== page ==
August days are sweltering in Texas, as well as many other parts of the country. There are many athletes – baseball players, football players, and runners that are exposed to the heat during the hottest time of the day, in many cases. There are some keys to staying healthy while exercising, whether as an athlete, or worker who is exposed to the elements every day, becoming dehydrated.
Mild dehydration is the loss of no more than 5% of the body’s fluid. Loss of 5-10% is considered moderate dehydration. Severe dehydration (loss of 10-15% of body fluids) is a life-threatening condition that requires immediate medical care.
One of the first steps to getting used to the heat is to become acclimatized. As the weather heats up, you must ratchet down your outdoor workout for at least five days to two weeks, in order to build up heat tolerance. If you ride a bike, ride it a little slower until you get used to hotter temperatures. Walk instead of running, if you are a jogger. If you are involved in an intense workout, you are creating more heat for your body.
A sweat rate test will tell you how much fluid you need to replace from your workout: weigh yourself without clothes before and after a workout; add the amount of any fluid you drank from your weight-loss difference, and you’ll have the amount of fluid you lost through sweat. Hydration keeps your body from overheating. The best policy is to know what works best for each individual. The American College of Sports medicine suggests that too much water can cause a sodium imbalance in the body. Listen to your thirst. Some fitness program coaches recommend athletes drink 16 to 20 ounces of water before training, carry 20 ounces of water to sip during the workout, and change to an electrolyte sports drink such as Gatorade after the first hour. Lost sodium can also be replaced with salty snacks.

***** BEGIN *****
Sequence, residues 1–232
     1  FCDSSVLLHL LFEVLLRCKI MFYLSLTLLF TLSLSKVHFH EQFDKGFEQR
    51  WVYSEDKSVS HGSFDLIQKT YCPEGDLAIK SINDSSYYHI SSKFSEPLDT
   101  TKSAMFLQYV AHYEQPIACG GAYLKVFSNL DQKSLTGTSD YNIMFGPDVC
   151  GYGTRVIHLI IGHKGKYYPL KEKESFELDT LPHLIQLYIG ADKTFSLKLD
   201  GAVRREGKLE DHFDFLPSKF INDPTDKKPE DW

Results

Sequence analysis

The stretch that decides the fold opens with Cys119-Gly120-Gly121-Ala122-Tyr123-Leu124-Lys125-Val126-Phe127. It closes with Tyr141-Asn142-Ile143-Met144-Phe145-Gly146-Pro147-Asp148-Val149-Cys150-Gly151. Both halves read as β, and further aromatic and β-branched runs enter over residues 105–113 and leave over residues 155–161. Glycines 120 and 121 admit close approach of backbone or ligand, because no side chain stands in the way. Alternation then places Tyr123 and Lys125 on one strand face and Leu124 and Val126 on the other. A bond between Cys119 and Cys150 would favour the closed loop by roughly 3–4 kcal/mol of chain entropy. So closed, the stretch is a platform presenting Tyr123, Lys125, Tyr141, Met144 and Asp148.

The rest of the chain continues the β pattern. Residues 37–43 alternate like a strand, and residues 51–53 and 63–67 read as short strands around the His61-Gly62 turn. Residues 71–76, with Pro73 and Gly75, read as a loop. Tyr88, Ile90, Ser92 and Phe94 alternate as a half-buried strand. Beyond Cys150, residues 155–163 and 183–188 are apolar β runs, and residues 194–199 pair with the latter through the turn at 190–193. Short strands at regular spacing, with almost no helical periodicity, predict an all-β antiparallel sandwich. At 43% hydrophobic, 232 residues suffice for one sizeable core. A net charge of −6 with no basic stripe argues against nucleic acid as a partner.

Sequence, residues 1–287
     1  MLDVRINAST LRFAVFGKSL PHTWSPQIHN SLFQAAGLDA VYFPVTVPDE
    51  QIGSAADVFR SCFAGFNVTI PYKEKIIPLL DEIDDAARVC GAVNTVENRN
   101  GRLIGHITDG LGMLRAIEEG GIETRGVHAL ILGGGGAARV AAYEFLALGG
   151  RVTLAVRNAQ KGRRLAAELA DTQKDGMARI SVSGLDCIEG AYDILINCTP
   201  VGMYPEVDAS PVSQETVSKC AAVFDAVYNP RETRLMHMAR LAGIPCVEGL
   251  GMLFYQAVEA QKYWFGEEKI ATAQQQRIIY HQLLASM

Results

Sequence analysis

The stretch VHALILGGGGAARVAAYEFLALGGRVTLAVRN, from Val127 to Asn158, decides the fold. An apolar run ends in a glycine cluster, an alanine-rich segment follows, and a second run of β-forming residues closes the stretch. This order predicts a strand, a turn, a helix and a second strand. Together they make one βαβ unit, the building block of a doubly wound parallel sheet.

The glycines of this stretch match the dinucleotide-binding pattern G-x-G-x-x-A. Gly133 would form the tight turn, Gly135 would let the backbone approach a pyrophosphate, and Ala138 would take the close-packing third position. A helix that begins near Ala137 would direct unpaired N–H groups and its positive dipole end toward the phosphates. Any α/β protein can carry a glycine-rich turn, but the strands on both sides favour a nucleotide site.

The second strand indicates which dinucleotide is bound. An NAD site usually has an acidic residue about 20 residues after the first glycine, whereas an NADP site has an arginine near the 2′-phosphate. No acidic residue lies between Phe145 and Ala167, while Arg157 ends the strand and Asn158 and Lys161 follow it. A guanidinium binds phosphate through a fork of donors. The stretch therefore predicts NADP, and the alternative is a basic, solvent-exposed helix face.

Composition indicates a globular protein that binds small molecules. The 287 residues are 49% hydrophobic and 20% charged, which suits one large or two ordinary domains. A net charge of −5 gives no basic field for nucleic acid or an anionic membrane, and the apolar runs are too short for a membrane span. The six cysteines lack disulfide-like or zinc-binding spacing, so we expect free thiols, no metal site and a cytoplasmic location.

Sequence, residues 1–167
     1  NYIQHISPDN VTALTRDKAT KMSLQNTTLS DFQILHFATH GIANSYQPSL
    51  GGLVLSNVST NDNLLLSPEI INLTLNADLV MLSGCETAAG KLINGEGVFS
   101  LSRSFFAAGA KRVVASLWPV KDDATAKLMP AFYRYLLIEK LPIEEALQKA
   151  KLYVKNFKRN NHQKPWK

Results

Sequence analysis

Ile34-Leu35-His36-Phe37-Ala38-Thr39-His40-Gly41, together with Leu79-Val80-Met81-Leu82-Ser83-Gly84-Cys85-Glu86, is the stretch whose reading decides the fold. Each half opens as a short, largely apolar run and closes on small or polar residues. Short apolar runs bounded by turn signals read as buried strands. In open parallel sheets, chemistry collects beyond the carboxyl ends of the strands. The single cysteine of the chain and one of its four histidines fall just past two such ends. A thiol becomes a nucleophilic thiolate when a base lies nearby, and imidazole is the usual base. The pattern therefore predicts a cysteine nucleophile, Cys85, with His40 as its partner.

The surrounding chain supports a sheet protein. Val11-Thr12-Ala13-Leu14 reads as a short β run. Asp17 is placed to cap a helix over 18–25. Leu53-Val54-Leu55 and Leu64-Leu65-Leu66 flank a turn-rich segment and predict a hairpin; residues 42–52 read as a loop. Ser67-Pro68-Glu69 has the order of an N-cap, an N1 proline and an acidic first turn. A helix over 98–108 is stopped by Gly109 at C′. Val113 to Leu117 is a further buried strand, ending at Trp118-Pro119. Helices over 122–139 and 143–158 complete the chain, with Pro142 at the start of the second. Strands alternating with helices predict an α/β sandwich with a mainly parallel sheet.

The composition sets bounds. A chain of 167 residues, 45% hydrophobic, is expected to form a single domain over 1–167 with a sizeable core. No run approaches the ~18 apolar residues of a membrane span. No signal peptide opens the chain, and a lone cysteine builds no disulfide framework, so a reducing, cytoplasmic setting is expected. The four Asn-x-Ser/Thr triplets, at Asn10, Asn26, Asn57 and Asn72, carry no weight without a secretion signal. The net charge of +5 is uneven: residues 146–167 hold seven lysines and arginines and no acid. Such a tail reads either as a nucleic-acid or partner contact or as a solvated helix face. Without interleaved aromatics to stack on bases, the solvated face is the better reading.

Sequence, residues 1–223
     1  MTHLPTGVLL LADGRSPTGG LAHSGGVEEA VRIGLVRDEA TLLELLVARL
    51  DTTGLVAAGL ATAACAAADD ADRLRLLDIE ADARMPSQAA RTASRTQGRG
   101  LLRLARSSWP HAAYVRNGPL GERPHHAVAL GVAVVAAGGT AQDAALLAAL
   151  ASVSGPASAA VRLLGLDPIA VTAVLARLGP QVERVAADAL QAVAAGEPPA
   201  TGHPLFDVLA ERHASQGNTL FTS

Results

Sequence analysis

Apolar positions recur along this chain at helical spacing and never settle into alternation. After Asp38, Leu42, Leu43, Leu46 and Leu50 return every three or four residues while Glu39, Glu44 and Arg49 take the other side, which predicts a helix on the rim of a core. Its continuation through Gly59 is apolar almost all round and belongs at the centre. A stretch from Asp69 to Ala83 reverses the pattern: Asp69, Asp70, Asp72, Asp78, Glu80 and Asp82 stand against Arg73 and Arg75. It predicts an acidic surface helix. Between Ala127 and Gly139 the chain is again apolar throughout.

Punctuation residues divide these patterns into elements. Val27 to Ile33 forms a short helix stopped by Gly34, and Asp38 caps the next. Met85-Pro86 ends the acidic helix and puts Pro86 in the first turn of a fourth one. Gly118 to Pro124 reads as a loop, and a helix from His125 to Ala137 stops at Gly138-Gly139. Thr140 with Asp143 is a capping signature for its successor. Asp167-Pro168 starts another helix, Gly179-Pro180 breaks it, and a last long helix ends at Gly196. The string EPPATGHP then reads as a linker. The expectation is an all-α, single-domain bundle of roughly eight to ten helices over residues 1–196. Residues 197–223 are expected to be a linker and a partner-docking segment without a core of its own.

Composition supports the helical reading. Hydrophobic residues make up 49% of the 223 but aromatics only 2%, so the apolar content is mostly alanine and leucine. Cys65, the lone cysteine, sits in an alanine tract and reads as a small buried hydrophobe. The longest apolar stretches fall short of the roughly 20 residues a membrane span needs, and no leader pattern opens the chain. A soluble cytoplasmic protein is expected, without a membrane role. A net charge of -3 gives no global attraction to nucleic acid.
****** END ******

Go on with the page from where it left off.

There is a common belief that caffeinated drinks dehydrate you, but according to cardiologist Benjamin Levine, caffeinated drinks such as coffee and tea will help hydrate your body throughout the day, because they contain water. Dr. John Carlo, Medical Director of Dallas County Health and Human Services recommends that drinking more fluids the day before strenuous exercise will help prevent dehydration. Hydrating at night is also a good idea, says Dr. Carlo.
If you have health problems or are more susceptible to heat, you may want to exercise in an air-conditioned wellness center, or gym. They contain all types of equipment that will enable you to get the amount of conditioning you want.
Even when the weather is just a few degrees higher than normal, it can take its toll on our bodies. Those who work outdoors should always take the proper precautions and be able to take breaks away from the sun as often as possible. Always have fresh water available, and drink it often. We all need to keep our cool anyway we can!